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Chapter 40: The Tough Cop

The tough cop genre is definitely coming into its own. On TV, the new Kojak series, starring the tough and cynical Telly Savales, has become one of the best shows on television. In the movies, it is particularly significant that two of the great Western heroes have recently shifted to the tough cop role. As urban crime has become the concern of ever greater numbers of Americans, the tough crime fighter—in this case John Wayne and Clint Eastwood—has doffed his horse and ten gallon hat for the Magnum and the police badge.

John Wayne moves into the role of tough cop hero in McQ, directed by John Sturges. There is no such thing as a bad John Wayne picture, and it is good to have Big John, or Lt. McQ, on hand to carry on a one-man struggle against the rackets and against crooked colleagues. And yet, the picture is no better than workmanlike. It is surprisingly slow, for one thing, and the creaky action only highlights the age of Wayne and Eddie Albert. Also, the standard behavior of the females in falling all over the hero lacks a certain amount of credibility in the case of the aging Wayne. Al Lettieri makes a promising, shambling villain, but the female leads lend no help: Diana Muldaur seems to have only one expression: hangdog, while Colleen Dewhurst—billed on all sides as one of the great actresses of our epoch—croaks her way through a terrible performance. Warning to Warner Brothers: if McQ is going to stick around, you’d better come up with faster action and a better director.

The tough cop picture has done far better by Clint Eastwood. His first effort, in Dirty Harry, was one of the great films of the last several years. The leftist intellectuals virtually sputtered with fury over Dirty Harry, for here was Eastwood as Inspector Harry Callahan of San Francisco stalking a mad dog killer while being subverted and hobbled at every hand by liberals, politicians, and bleeding hearts. Dirty Harry, apart from being fast and exciting, was an explicitly right-wing, anti-criminal-coddling movie, and thus drove the liberal critics to inchoate rage. But it was not only the movie and its theme that aggravated them; it was also Eastwood himself. For of all the heroes in movies, Eastwood is the most ruthless, the most implacable, in his battle for the right and against criminal aggression. The critics who scorn Eastwood for his “lack of acting ability” don’t understand the character that he is creating. For Eastwood’s implacable calm is the result of his decisiveness, his ability to make instant—and correct—decisions in the midst of drama and danger, to make what he knows are the right decisions without moping or agonizing. Hence, Clint Eastwood is the polar opposite of the whining modern anti-hero beloved by the avant-garde. In a sense, the left intelligentsia were quite right in identifying Eastwood—or rather the Eastwood figure—as their deadly enemy. Hence their vituperation.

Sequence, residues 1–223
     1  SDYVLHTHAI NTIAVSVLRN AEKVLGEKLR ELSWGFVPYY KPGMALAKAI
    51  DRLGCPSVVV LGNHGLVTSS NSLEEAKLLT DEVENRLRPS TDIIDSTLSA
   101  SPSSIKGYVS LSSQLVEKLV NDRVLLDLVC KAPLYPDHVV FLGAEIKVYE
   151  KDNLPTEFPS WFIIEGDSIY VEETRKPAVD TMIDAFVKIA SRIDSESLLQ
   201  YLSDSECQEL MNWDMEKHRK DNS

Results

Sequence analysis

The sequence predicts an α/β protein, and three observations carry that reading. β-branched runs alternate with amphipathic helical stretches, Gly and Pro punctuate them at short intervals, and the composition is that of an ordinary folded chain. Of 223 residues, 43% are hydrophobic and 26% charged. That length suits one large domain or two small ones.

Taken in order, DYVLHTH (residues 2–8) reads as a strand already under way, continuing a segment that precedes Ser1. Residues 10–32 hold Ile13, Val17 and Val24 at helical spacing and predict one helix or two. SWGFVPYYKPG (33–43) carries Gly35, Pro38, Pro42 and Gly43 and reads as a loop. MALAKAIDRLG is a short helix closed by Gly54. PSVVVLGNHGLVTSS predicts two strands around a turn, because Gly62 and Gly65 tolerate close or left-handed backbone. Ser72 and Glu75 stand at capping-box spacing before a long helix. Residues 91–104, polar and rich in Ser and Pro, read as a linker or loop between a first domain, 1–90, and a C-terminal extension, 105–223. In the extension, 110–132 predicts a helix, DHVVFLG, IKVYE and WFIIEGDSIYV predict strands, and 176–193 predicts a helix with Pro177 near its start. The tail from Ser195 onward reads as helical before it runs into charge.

Now dirty Harry is back, in Magnum Force, directed by Ted Post. Like its predecessor, it is fast, tough, and exciting, beginning with a dramatic shot of Harry Callahan’s Magnum revolver, and continuing to the final reel. If it is a bit less rightwing or less exciting than its predecessor, it remains one of the best movies of recent months.

The plot is particularly interesting in the light of the previous picture. At the end of Dirty Harry, Harry had tossed his badge into the river, the symbol of his disgust with the liberal, criminal-coddling System. At the beginning of Magnum Force, Harry is inexplicably back in the police force; early into the picture, he finds that the killers he seeks are a group of young police rookies organized into a paramilitary squad to wreak vengeance upon criminals whom the courts let loose. Harry rejects what seem to be youthful disciples of his own creed, and defends law and order against them. Why does he do so? Unfortunately, Harry doesn’t seem to be able to articulate his own position, confining himself to: “You guys misunderstood me,” and “I hate the System too, but you’ve got to stay within it until a better one comes along.” Has Harry gone liberal? I think we can reassure Harry fans that it ain’t so. If Harry could spell out his own position, perhaps he would say that he exacted vengeance on his own against a mad-dog monster, and not against mere racketeers; also his was an individual response, and not an organized gang—a gang, by the way, that committed unforgivable excesses, including the murder of fellow policemen. No, Harry has not gone liberal; his is the optimum degree of “dirt,” neither bleeding-heart nor fascist. Long may he prosper.

[Reprinted from Libertarian Forum 6, no. 1 (1974).]